The End of Stupid TV?

Television will never be the same.

Microsoft’s announcement that the November software update of their popular Xbox 360 system will include both on-demand and live programming content is a game changer for broadcast TV.  Comcast has partnered to allow “nearly 40 television content providers” to roll out programming over Xbox Live.   Viewers will also have access to content from ESPN, Netflix, Hulu, YouTube, Facebook and HBO Go.

Of course, there are caveats.  You won’t have full access if your provider feels that IP.TV is just a little too wild for them and you won’t be able to use your Xbox to “cut the cord”— the service requires a cable subscription to receive channels.  You’ll also need to pony up for Xbox Live service, an additional $10 a month… so it’s not exactly free.

Still, this is a tipping point moment for the cable broadcast industry.

Prior to this partnership, TV came through a stupid, largely one-way box.  You tell the box want you want and it serves it up.

But Xbox isn’t like that at all.  Xbox is a two-way, social interaction machine.  Users expect to interface with content and they expect that content to be experienced with friends.

So with that said, here are three questions television broadcast will need to ask themselves in the next few months.

  1. What does an ad look like?
    If there’s one group that should be happy about this shift, it’s advertisers.  First off, IPTV allows them some respite from the proliferation of DVR devices.  Second, it opens a new world of creativity.Consumers could be presented with entertaining mini-games or brands could leverage Bing and web integration to build TV-optimized experiences (projects like the Ford Mustang Customizer just scream for this treatment).  Maybe ads will start to look like the old Dragon’s Lair game, a choose your own adventure where viewers work to complete a story (but are entertained even when they fail.)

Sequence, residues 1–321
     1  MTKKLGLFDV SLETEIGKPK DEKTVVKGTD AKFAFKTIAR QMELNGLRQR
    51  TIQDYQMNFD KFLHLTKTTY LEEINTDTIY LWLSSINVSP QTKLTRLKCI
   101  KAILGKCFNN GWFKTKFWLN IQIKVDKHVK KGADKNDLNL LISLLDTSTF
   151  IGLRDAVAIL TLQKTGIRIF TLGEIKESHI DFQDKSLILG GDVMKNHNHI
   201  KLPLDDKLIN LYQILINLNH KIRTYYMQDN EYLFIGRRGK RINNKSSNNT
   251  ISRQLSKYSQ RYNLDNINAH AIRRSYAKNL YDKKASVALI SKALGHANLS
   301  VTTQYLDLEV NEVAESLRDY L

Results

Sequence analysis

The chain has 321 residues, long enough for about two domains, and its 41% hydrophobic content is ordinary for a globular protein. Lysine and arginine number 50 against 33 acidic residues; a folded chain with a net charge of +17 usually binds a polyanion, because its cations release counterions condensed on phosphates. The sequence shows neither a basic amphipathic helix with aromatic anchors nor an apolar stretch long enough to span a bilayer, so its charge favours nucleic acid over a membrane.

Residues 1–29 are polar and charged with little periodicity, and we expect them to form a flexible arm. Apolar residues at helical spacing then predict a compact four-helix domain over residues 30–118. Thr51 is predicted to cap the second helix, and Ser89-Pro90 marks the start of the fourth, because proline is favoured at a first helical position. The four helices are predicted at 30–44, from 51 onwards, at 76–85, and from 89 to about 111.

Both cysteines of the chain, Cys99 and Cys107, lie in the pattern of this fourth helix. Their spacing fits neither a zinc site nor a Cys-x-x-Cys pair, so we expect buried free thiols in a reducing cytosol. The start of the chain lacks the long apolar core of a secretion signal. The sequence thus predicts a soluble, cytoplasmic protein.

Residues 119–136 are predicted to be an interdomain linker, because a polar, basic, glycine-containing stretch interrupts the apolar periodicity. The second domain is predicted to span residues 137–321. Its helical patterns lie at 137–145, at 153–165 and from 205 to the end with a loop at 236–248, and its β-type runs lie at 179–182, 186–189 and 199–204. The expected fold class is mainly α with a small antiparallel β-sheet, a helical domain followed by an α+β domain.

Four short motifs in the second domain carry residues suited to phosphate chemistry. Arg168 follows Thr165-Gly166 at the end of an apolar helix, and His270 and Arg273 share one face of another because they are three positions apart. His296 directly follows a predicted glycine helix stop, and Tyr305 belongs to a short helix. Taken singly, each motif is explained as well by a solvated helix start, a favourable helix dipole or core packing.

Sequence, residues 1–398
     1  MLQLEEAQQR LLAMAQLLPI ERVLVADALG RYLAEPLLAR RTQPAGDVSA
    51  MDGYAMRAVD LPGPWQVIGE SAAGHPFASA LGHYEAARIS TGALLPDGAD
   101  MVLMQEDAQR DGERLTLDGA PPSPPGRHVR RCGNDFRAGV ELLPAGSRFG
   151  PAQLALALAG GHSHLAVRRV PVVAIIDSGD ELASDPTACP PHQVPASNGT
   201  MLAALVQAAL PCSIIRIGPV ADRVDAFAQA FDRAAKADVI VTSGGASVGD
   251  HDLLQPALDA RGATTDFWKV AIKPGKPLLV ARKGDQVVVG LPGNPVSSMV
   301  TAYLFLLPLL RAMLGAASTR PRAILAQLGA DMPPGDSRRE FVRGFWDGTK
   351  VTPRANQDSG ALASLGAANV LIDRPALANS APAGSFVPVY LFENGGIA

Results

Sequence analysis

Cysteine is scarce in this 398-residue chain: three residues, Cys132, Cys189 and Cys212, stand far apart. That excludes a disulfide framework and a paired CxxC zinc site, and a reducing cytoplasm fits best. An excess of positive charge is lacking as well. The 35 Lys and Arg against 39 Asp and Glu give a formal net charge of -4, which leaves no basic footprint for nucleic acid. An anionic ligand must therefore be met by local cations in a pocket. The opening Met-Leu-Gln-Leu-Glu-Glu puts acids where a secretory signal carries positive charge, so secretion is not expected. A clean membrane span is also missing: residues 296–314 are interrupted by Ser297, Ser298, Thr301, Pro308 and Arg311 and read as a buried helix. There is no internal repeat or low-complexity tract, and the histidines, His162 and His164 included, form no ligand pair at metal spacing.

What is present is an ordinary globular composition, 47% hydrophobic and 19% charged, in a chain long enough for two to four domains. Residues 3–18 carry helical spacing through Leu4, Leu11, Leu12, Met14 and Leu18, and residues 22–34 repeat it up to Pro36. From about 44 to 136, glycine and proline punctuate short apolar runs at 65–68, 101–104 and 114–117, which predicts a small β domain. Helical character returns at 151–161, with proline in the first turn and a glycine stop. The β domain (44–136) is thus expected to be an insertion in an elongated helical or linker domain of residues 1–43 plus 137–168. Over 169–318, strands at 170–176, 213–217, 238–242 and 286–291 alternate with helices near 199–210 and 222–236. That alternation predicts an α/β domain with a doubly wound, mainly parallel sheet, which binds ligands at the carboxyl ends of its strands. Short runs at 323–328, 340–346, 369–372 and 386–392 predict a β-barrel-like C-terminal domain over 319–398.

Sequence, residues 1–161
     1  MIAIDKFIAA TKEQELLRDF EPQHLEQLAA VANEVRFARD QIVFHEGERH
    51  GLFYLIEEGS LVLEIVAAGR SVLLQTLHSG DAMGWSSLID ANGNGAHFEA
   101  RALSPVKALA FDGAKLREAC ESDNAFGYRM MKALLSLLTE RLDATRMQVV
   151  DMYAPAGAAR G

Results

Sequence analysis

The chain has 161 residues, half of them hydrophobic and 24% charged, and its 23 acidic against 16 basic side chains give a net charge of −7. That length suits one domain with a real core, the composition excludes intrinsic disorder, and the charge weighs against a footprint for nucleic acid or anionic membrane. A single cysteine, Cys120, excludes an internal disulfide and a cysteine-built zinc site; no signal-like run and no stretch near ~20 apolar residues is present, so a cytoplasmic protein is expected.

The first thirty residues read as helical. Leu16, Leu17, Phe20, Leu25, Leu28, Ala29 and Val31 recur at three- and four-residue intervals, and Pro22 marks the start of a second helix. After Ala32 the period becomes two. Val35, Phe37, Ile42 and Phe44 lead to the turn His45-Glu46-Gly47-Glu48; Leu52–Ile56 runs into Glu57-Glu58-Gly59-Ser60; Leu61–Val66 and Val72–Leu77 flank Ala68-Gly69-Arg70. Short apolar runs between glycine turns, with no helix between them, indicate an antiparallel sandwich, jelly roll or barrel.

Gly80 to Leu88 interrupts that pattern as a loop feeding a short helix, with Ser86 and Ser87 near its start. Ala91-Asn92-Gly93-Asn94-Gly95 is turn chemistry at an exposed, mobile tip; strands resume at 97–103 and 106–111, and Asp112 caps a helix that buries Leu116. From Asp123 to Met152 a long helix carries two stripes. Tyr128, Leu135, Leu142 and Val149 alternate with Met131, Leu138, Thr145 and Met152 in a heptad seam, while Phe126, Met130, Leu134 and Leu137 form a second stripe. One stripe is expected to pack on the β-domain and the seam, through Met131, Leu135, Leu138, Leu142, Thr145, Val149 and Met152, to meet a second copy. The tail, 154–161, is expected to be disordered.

If engaging enough, ads could be flagged for later return. Interaction could be encouraged via sampling, credited ad-free time, contests—even social competition (Your friend is also watching House… see if you can beat their score in the Tide Stain Challenge!)

    In any case, TV ads will need to start experimenting fast.
  2. What will social TV look like?
    The Xbox announcement comes with promises of tighter Facebook integration.  Paired with Facebook’s promise that brands will be able to leverage “frictionless sharing” and “social viewing” (meaning two or more friends watching the same content over the Facebook network), we’re looking at an opportunity to reinvent the way we watch, discover, and experience television.What does a multi-platform, social viewing experience look like?
  3. How will TV itself change?
    Launching TV from a platform as powerful as the Xbox offers new opportunities to broadcasters as well as advertisers. Certainly the success of programs like American Idol and its imitators suggests opportunities to make the format more interactive.  Youtoo, a network upstart backed by Mark Burnett, is experimenting with pervasive user generated content. (Full disclosure, we helped bring this project to life!)  Or maybe the answer is closer to second screen viewing, a technology already in its infancy that allows users to interact with dynamically served content.

    Children’s television could be revolutionized by natural interfaces like the Kinect.  Learning activities become interactive as children can point to answers or draw shapes to solve puzzles.  And if things get too scary, maybe they’ll want to bring their favorite stuffed animal along for the ride?

Marshall McLuhan famously opined, “The medium is the message.” That is to say that the medium sets the expectations for the content that passes through it.  And thanks to Xbox, those expectations have been radically transformed.

Goodbye stupid cable box.  I won’t miss you.